How important is the TB index?
“Farming in an area where TB is prevalent, I’d welcome anything that could control the spread of TB. We use 100% genomic sires. I would take [the TB index] into consideration when selecting bulls so if we were choosing between two similar bulls, I may select a more TB-resistant one.”
David Renfree, milking 150 cows, Trecorme Barton, Cornwall
I have felt certain cow families are more susceptible [to TB] than others, so I can accept the potential for some genetic index. It will take donkey’s years to have any meaningful effect. I would certainly take it into account, but it’s not the first thing I’d look at.”
Jay Greenwood, 250 cows, Boseley Mill Farm, Westbury-on-Severn, Gloucestershire
“I would be concerned that the TB index will be seen as a significant development in TB control, which it may not be. The danger is it’s a bit of a red herring. I think it’s the last thing I’d be doing to sort a bacterial disease that’s rife in parts of the country. In the absence of wildlife infection it wouldn’t be required at all.”
Vet Den Leonard, Lambert Leonard and May, Cheshire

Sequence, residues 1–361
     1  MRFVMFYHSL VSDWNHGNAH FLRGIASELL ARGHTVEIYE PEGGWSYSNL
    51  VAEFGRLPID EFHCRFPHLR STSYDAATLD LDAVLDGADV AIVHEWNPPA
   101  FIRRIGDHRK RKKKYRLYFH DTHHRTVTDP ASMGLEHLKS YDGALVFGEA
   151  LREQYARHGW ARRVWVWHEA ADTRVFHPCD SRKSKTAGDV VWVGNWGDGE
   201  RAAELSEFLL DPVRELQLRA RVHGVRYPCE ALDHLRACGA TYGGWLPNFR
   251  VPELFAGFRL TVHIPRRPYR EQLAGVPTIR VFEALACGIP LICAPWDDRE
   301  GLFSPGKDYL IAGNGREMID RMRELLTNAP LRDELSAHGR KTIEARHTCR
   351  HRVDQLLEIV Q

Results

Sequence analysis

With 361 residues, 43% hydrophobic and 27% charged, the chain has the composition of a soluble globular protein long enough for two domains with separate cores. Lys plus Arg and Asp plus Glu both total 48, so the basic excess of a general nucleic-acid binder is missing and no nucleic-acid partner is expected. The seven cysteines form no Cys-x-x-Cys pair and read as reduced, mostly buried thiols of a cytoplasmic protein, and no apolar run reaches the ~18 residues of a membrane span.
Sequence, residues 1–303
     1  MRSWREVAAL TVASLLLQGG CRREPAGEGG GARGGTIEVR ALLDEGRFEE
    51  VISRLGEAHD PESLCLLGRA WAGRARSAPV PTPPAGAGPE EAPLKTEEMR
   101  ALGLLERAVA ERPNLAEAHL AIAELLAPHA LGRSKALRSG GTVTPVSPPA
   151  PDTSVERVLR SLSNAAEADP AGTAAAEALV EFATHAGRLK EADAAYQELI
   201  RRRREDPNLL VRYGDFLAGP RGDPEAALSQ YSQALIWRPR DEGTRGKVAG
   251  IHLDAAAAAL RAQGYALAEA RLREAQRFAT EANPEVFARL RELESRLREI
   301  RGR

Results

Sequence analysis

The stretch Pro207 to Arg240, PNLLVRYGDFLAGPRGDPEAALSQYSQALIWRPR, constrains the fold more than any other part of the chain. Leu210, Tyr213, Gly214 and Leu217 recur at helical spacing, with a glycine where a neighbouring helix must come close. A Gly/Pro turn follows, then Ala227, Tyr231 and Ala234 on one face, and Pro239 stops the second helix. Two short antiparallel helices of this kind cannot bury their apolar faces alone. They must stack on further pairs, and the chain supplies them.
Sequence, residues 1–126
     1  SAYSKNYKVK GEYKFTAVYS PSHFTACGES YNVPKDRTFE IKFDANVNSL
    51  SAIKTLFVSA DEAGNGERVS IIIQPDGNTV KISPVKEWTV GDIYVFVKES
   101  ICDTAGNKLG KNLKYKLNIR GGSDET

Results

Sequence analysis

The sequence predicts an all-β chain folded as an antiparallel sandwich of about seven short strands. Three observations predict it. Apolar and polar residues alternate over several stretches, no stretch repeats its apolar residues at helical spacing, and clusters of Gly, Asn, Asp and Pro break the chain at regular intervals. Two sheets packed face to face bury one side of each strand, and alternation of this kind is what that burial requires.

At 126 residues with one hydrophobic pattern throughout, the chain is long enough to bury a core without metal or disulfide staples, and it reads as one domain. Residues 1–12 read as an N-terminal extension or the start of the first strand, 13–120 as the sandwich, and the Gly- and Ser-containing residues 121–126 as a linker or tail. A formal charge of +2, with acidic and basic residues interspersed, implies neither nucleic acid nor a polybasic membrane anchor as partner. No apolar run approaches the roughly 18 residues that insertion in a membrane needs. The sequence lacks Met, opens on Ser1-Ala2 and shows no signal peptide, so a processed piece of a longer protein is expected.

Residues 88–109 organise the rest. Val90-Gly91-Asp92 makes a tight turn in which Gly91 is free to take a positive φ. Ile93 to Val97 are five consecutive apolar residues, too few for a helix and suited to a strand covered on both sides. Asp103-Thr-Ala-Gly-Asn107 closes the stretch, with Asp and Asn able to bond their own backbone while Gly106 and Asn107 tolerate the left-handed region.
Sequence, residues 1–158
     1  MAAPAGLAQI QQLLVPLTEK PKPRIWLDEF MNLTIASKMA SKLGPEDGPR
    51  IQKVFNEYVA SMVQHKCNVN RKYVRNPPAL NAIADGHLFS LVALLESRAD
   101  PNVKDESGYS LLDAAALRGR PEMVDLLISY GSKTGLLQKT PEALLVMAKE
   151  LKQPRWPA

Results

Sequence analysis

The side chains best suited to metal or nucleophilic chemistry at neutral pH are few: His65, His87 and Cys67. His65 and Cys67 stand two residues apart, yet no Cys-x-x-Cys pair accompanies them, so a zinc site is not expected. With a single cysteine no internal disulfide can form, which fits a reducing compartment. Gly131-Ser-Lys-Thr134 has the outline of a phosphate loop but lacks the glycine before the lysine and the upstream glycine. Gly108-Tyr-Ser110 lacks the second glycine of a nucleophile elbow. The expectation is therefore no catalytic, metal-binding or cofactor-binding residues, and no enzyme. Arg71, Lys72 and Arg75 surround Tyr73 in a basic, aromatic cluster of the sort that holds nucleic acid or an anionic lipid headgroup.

What does the index look like and what’s the range in bulls?
The figures we have produced for Holstein bulls range from +3 to -3.
A positive number shows the bull will produce daughters that are more resistant to TB.
For example, a bull with a TB index of +3 will produce daughters that are 3% more resistant to the disease than the average. A bull with an index of -3 will produce daughters 3% less resistant.
The difference between the two extremes for TB index (+3 compared with -3), is 6% less or 6% more bulls becoming infected with TB.
So six fewer daughters in a 100-cow herd will become infected with TB by using that bull across all females.
Having looked at Holstein bull data for TB index, the good news is we can’t see any negative correlation with the traits we have been selecting for. There is also not a massive range in TB index between bulls.